NEW YORK The U.S. dollar surged to a more than two-week high against a basket of currencies following stronger-than-expected U.S. economic data, putting pressure on oil prices, which fell after three days of gains.
After cutting losses following the economic data, Wall Street was little changed in late morning trading.
U.S. retail sales in April recorded their biggest increase in a year as Americans stepped up purchases of automobiles and a range of other goods, suggesting the economy was regaining momentum.
But lacklustre quarterly results from department store operators Nordstrom and J.C. Penney, following weak reports from retailers earlier in the week, reignited jitters about the consumer sector.
While the retail sales report was positive, "it’s one number after a sequence of some fairly tepid numbers coming out of that consumer discretionary area," said Jeff Buetow, president of investment consulting firm BFRC Services in Charlottesville, Virginia.
The Dow Jones industrial average was up 6.13 points, or 0.03 percent, at 17,726.63, the S&P 500 rose 1.75 point, or 0.08 percent, to 2,065.86 and the Nasdaq Composite added 20.64 points, or 0.44 percent, to 4,757.97.
The tech-heavy Nasdaq was helped by a rebound in Apple after the iPhone maker hit a two-year low on Thursday, and strong results from chipmaker Nvidia.
The pan-European FTSEurofirst 300 index gained 0.3 percent, rebounding from losses earlier in the session after the U.S. retail sales report.
MSCI's broad index of global shares fell 0.4 percent, as Asian markets were weak. The index is off about 1 percent for 2016, with stocks rebounding after a rough start to the year but little changed in recent weeks.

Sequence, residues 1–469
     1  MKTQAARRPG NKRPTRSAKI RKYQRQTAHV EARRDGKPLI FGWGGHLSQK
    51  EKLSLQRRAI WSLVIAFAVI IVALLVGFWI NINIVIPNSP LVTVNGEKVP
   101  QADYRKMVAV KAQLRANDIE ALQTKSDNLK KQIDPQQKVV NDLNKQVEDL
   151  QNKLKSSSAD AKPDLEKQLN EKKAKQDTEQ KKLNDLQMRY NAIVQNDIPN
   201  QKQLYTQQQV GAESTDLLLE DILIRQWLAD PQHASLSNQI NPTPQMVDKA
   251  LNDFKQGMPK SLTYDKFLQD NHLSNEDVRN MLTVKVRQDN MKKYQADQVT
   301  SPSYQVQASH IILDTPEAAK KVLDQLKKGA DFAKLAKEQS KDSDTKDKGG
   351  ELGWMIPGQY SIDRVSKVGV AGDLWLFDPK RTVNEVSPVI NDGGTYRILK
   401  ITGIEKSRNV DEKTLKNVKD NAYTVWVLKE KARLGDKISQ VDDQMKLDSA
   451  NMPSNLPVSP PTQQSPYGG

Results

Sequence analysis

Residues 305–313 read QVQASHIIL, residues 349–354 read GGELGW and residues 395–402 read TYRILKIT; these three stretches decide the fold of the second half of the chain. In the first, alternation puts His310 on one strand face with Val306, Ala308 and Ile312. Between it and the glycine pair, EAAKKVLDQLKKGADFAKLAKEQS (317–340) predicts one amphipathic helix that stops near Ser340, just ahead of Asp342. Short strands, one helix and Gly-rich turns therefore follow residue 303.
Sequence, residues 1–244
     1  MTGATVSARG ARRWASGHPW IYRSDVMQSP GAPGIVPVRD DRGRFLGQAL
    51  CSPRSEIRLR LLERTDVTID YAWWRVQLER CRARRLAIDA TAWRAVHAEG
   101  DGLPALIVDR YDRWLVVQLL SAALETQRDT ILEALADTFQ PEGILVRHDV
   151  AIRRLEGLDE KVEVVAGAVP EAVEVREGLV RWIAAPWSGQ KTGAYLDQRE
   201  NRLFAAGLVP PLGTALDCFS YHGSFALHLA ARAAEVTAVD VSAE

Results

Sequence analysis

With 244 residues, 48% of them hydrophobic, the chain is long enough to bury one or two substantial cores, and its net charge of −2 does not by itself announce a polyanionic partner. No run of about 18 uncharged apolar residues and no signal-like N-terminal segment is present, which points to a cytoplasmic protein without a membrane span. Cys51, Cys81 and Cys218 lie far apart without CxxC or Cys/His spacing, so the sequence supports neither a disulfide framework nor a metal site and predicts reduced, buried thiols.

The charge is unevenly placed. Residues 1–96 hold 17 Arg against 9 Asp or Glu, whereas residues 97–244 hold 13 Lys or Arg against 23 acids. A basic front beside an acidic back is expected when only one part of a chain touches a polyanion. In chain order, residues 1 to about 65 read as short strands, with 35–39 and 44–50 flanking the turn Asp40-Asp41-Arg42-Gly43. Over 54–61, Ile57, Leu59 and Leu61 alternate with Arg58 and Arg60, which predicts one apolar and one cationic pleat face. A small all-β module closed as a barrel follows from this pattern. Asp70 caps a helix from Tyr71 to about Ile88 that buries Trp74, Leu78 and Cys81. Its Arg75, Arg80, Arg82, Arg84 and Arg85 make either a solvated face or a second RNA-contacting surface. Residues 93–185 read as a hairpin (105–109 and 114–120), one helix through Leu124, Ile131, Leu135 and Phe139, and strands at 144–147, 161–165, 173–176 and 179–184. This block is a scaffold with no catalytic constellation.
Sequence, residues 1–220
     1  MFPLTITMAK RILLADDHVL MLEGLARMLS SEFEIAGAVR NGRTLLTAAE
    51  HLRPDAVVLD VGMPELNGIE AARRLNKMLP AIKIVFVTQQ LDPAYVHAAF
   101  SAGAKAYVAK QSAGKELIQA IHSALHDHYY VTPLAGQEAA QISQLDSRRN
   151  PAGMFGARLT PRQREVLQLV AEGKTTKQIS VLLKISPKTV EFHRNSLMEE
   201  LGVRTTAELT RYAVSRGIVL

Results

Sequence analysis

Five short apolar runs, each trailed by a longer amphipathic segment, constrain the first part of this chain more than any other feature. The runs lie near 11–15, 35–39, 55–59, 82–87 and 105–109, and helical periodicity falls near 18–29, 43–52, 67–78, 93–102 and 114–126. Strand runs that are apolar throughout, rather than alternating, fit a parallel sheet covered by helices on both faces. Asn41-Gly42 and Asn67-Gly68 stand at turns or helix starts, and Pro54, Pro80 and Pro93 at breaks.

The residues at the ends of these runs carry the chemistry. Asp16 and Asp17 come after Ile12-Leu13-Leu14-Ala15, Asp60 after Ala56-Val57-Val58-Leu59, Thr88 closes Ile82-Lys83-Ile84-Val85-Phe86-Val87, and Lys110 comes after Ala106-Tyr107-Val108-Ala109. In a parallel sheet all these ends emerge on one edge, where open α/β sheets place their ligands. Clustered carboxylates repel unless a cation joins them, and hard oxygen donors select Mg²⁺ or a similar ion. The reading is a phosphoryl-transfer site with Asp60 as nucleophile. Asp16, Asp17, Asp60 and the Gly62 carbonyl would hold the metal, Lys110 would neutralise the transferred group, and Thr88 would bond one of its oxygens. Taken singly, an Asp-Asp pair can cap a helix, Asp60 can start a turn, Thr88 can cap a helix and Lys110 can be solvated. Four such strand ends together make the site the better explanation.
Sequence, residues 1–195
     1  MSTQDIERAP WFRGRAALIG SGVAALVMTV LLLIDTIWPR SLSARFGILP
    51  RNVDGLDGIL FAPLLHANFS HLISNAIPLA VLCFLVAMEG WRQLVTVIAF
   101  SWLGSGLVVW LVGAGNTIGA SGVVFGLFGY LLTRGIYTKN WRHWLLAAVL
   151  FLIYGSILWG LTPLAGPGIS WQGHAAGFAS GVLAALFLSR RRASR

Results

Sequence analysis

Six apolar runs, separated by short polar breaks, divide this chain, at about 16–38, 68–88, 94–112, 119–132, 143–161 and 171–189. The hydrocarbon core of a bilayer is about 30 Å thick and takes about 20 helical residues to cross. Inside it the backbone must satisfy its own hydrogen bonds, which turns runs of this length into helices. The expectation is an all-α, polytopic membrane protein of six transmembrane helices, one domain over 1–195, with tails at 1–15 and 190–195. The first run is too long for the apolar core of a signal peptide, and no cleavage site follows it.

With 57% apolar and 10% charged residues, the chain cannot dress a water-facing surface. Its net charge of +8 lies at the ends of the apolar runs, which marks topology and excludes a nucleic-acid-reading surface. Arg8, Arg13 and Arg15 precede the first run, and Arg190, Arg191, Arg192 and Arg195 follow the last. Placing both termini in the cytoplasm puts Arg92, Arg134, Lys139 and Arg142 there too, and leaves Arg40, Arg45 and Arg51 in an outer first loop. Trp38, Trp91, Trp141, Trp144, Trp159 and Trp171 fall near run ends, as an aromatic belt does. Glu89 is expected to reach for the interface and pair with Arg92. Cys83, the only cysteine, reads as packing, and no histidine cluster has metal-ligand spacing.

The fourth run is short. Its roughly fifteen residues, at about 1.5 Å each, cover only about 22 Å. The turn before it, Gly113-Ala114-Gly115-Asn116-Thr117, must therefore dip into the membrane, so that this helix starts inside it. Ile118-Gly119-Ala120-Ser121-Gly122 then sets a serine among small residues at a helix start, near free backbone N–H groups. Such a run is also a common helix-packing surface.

Concerns about the global economy persist and investors are responding to diverging policies between the Federal Reserve and other major central banks.
Along with the positive retail sales report, the University of Michigan said its consumer sentiment index surged 6.8 points to 95.8 early this month, the highest reading since June.
Following the upbeat economic data, the dollar climbed 0.7 percent against a basket of currencies.
"In response to this (retail sales) number, markets appear to have concluded that the dollar sell-off through the early part of the year was overdone," said Karl Schamotta, head of enterprise risk management at Cambridge Global Payments in Toronto.
A three-day run for oil prices came to a halt as the stronger dollar weighed and investors cashed in on recent gains. A stronger U.S. currency weighs on greenback-denominated commodities such as oil futures.
Losses were cushioned by outages in Nigeria that have slashed output there to the lowest in 22 years.
Global benchmark Brent fell 0.7 percent to $47.75 a barrel, while U.S. crude dropped 1.1 percent to $46.19 a barrel.
Oil prices have recovered some ground after touching 12-year lows earlier in 2016.
The U.S. yield curve flattened to the lowest levels in two months after the U.S. economic data. Short- and intermediate-dated debt underperformed long-dated bonds after the data, putting the two-year, 10-year yield curve at its flattest since March 9.
Benchmark 10-year notes were last up 8/32 in price to yield 1.7327 percent, down from 1.76 percent late on Thursday.
(Additional reporting by Patrick Graham and Karolin Schaps in London and Gertrude Chavez-Dreyfuss and Karen Brettell in New York; Editing by Bernadette Baum)
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Published Date: May 14, 2016 00:00 AM | Updated Date: May 14, 2016 00:00 AM